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The sky is ruddy in the east,
The earth is gray below,

And, spectral in the river-mist,
The ship's white timbers show.

5 Then let the sounds of measured stroke

And grating saw begin;

The broad-axe to the gnarléd oak,
The mallet to the pin

Hark!—roars the bellows, blast on blast,
10 The sooty Smithy jars,
And fire-sparks, rising far and fast,
Are fading with the stars.
All day for us the smith shall stand
Beside that flashing forge;
15 All day for us his heavy hand
The groaning anvil Scourge.

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Why lingers on these dusty rocks
The young bride of the sea?
Look! how she moves adown the grooves,
In graceful beauty now !
55 How lowly on the breast she loves
Sinks down her virgin prow !

God bless her l wheresoe'er the breeze
Her snowy wing shall fan,

Aside the frozen Hebrides,

60 Or sultry Hindostan!

Where'er, in mart or on the main,
With peaceful flag unfurled,

She helps to wind the silken chain
Of commerce round the world !

65 Be hers the Prairie's golden grain,
The Desert's golden sand,
The clustered fruits of sunny Spain,
The spice of Morning-land
Her pathway on the open main
70 May blessings follow free,
And glad hearts welcome back again
Her white sails from the seal

HELPS TO STUDY
Notes and Questions

What time of day is indicated in
the first and second stanzas?
What tells you this?
How does the smith “scourge”
the anvil?
What effect does the poet fancy
this has upon the anvil?
Which of these two thoughts do
you suppose first occurred to the
poet?
What are the “island barges”?
What is a “century-circled oak”?

Did you ever see one? What is Whittier's idea of a shipbuilder’s work? In what way would a ‘‘yawning seam” tempt the sea? What is the ‘‘painted shell”? How is a ship launched? What other poem have you read which describes the launching of a ship? Who wrote it? Which poem do you like better? Why?

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Oliver Wendell Holmes’s birth year, 1809, was made memorable on both sides of the Atlantic by the births of Lincoln, Tennyson, Poe, and Gladstone. His father, of colonial descent, was a Congregational minister at Cambridge. On his mother's side—the Wendells or Wondels—he was of Dutch descent.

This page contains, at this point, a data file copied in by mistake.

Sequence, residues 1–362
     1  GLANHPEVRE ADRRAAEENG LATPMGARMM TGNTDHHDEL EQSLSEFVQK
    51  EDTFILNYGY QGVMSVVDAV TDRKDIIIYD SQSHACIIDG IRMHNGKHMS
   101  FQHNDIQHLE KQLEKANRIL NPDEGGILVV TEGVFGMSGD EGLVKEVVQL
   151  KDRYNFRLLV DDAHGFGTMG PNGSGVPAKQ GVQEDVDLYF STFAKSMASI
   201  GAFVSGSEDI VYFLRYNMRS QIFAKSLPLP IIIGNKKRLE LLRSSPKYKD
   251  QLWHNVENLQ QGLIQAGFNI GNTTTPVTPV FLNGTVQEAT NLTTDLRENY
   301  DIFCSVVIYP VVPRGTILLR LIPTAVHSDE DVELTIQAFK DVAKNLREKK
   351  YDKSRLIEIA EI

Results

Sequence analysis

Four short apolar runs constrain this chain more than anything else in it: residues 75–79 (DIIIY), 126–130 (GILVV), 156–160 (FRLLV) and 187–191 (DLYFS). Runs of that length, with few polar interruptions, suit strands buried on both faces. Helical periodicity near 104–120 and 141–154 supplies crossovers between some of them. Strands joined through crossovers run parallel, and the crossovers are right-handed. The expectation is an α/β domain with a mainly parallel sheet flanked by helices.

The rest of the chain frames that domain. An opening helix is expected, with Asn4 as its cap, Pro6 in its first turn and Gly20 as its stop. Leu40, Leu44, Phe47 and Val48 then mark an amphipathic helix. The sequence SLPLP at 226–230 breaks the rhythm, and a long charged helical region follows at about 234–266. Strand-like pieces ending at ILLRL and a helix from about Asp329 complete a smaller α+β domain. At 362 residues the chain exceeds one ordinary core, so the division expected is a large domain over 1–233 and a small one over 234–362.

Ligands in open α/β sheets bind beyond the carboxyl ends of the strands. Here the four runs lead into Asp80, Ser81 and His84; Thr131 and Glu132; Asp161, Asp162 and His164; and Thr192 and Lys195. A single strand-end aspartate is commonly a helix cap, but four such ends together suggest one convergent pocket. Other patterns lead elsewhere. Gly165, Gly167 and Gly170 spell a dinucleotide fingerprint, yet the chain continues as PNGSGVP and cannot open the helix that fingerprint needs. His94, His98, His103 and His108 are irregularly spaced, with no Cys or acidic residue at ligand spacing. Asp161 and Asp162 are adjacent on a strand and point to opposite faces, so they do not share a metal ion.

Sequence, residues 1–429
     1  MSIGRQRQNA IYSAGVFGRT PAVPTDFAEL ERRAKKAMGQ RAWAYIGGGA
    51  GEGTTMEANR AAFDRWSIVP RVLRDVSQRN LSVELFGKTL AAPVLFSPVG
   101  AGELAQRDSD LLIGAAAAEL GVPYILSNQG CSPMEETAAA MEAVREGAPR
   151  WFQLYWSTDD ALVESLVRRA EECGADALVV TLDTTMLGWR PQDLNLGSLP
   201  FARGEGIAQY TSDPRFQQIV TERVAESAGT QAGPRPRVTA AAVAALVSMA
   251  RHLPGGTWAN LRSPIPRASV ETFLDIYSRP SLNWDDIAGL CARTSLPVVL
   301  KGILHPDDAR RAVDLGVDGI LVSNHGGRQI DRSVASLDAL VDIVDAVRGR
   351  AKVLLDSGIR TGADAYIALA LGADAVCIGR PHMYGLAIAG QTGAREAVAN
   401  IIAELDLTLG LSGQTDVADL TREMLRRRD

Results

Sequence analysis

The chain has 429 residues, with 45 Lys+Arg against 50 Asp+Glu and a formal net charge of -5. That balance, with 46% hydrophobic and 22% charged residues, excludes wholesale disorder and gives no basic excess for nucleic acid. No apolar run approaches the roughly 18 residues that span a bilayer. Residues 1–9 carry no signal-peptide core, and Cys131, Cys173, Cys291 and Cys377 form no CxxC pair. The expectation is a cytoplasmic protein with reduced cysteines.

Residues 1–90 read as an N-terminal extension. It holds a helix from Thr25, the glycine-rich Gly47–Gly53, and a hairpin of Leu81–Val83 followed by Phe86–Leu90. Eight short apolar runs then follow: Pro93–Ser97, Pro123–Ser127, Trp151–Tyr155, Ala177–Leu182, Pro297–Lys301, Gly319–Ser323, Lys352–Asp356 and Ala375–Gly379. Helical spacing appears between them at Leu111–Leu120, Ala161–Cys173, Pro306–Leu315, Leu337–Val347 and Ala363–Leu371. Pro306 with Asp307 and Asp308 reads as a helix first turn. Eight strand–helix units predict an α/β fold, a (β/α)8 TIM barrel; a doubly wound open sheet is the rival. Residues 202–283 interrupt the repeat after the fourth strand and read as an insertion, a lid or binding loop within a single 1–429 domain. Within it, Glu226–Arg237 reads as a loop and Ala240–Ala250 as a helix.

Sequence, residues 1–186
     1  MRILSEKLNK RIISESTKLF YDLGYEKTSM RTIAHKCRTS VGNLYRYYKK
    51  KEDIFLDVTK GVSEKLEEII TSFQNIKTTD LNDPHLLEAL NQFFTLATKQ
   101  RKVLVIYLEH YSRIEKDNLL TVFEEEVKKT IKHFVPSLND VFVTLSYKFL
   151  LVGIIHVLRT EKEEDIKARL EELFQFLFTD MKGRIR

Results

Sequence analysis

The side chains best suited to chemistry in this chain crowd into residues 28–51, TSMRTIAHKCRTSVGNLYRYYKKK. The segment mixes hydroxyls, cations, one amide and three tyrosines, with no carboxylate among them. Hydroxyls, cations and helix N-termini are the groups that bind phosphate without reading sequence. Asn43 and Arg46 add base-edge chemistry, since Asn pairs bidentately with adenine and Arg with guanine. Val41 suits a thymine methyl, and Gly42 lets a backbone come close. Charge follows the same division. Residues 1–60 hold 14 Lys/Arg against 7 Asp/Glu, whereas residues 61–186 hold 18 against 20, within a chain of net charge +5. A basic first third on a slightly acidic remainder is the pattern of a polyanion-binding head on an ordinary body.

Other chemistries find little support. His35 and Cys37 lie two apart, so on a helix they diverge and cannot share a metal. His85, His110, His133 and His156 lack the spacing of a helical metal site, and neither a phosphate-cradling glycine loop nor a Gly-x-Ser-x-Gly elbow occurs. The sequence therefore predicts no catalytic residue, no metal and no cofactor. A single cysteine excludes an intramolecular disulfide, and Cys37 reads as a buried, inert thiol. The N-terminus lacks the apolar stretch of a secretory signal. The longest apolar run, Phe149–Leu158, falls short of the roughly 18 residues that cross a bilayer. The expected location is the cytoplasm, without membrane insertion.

Holmes was brought up very simply in the old gambrel-roofed house, half parsonage and half farm house. He read the “New England Primer,” “Pilgrim’s Progress” and such poems as were to be found in the early school books. Later he was a student at Harvard, a member of the class of 1829, which, while not to be compared for literary genius with the Bowdoin class of 1825, was one of Harvard’s most famous classes. Not long after his graduation, the class of 1829 began to hold annual dinners and Holmes was regularly called upon to furnish an ode for the occasion. It was on the thirtieth anniversary that he wrote and recited “The Boys.” . In 1889, at the sixtieth anniversary, he wrote the last class poem, “After the Curfew.”

It was in the first year after his graduation that his verses went

into type and then he says he had his first attack of “lead poisoning.” After leaving Harvard he studied law for a while and then turned to medicine and surgery, spending two years in study in Paris. It is a singular coincidence and shows his double work in life, that in 1836 when he published his first volume of poems he also took his degree as doctor of medicine. As a physician he was always deeply interested in the problems of heredity and he wrote several novels in which inherited characteristics play an important part.

It was in September, 1830, that Holmes chanced to read in a newspaper of the proposal of the Navy Department to dismantle the frigate Constitution, which had done such good service in 1812 but which was then lying, old and unseaworthy, in the navy yard at Charleston. He wrote at once with a lead pencil on a scrap of paper the stirring verses “Old Ironsides” and sent them to the Boston Daily Advertiser, from which they were copied in all the papers of the country. The frigate was converted into a schoolship, and Oliver Wendell Holmes became known as a poet.

On every public occasion which could be enlivened or dignified by a special poem, Dr. Holmes was called upon. Such a position is a trying one and one to which only men with a sense of humor are often called. The doctor rarely refused to respond; so that nearly one-half of his verse is of this occasional character. Much of his verse is in lighter vein, but of the serious, surest in their hold upon his readers are “The Last Leaf” and “The Chambered Nautilus.” But Holmes, while he had a genuine gift of song, was no persistent singer like Longfellow or Whittier, and so he reached almost the age of fifty without feeling that the reading public had any special interest in him. Then in 1857, when the Atlantic Monthly was established, and Lowell took the editorship only on condition that Holmes would be a contributor, he wrote the “Autocrat of the Breakfast Table.” In this role of talker, comfortable, brilliant, and witty, Holmes made friends wherever the Autocrat was read.

Holmes's intellect remained bright and he continued an active worker into extreme old age. In 1890 he published his last volume, “Over the Teacups.” As one by one this brilliant company of New England writers left the world, Holmes sang to each a farewell song. When his own time came he was really “The Last Leaf upon the Tree.” The end came peacefully as he was talking to his son, October 7, 1894.

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